The Maryland House of Delegates on Saturday passed measures aimed at fighting crime, advanced a bill to increase school safety and approved an agreement between the House and Senate aimed at increasing diversity in the state's medical marijuana industry.
The House made changes to a bill already passed by the Senate that had been criticized for creating several mandatory-minimum sentences. The House, which used two separate bills to encompass proposals from the Senate and Gov. Larry Hogan, stripped out most of the mandatory minimums but kept a 10-year, mandatory-minimum sentence for a person convicted a second time of a violent crime while using a gun.
"It was quite literally -- I hate to use the cliche -- but it was a bipartisan effort," said Del. Curt Anderson, a Baltimore Democrat.
Amelia Chasse, a spokeswoman for the Republican governor, said the administration was confident the measures will have "a transformative impact on reducing violent crime" in Baltimore and across the state.
"We are very encouraged by the actions of the House today and will continue to work closely with legislative leaders to ensure that the governor's priorities are represented as they finalize the legislation," Chasse said.
The legislation is partly a response to crime in Baltimore, which had 342 murders in 2017 and set a record for homicides on a per-capita basis, but supporters note that the bill aims to cut crime statewide.
The Senate still will have to approve the legislation by Monday's midnight deadline.
The legislation allows wiretaps in illegal firearms cases, and it increases the penalty for witness intimidation from five years to 10 years for inducing false testimony or retaliation for testimony. It also allows people to expunge criminal records after 15 years for the crimes of possession with intent to distribute drugs, burglary and theft.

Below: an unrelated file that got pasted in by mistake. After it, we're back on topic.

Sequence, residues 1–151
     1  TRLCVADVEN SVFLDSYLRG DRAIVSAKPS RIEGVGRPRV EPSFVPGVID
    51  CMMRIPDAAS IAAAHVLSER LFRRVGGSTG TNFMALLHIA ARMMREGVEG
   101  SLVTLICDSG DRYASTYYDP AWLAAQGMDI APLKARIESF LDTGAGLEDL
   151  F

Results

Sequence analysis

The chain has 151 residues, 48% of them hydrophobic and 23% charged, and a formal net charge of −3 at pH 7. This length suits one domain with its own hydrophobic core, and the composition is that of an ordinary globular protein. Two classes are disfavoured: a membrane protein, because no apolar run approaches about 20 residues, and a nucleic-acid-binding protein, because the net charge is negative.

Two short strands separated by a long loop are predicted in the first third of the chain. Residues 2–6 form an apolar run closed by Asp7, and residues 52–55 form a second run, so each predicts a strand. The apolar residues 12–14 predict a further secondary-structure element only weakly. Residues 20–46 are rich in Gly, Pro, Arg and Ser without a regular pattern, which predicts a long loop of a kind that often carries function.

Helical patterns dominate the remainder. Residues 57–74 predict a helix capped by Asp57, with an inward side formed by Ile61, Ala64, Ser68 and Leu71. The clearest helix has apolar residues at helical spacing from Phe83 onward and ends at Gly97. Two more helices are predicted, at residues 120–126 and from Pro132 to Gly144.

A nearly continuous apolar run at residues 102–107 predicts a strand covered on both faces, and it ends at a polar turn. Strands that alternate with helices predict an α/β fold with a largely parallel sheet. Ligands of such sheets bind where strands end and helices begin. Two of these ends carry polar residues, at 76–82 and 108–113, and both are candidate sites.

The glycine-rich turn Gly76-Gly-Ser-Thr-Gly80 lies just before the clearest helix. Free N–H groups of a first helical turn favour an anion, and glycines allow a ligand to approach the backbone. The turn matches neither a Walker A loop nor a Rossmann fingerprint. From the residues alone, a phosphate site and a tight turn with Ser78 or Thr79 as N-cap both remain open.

In other business, the House gave preliminary approval to a measure to require public high schools to have either a school resource officer or plans for adequate law enforcement coverage by the upcoming school year. Other schools, such as middle and elementary schools, would need to have the plans in place for the school year that begins in 2019. The House also changed a Senate bill to include an additional $10 million a year to help pay for the added school security in future years.
The measure, which has been advancing with bipartisan support, aims to create a variety of standards and guidelines for school safety statewide. Those include issues involving the training of school resource officers, safety drills for staff and students, and identifying mental health concerns that could threaten student safety.
Lawmakers and the governor proposed legislation to increase school safety after the February school shooting in Parkland, Florida. The issue of school safety has gained even greater interest in Maryland after the March 20 shooting in southern Maryland at Great Mills High School, where a student shot and killed a former girlfriend before killing himself.
Also Saturday, the House approved an agreement between House and Senate negotiators on a measure designed to improve diversity in the state's medical marijuana industry. Sen. Brian Feldman, one of the negotiators, said he did not anticipate any trouble with the Senate giving it final Monday.
The measure increases the number of grower licenses from 15 to as many as 22. Two of the new licenses are set aside for two companies that sued over the licensing process. A third is set aside for a black-owned company that already has been awarded a processor license.
As for the remaining four licenses, the state can't simply award them to minority-owned companies because of constitutional concerns. However, the state's medical marijuana commission will set regulations designed to create remedial measures to increase diversity.
The legislation increases the number of marijuana-processor licenses from 15 to 28, creating further opportunity to increase diversity, Feldman said.
None of the state's 14 licensed growers is black-owned. Lawmakers tried to pass a measure to increase diversity ownership last year, but the bill failed in the final moments. Del. Cheryl Glenn, a Baltimore Democrat who sponsored the bill, said she supported the agreement on the bill.
"I'm satisfied," Glenn said Saturday.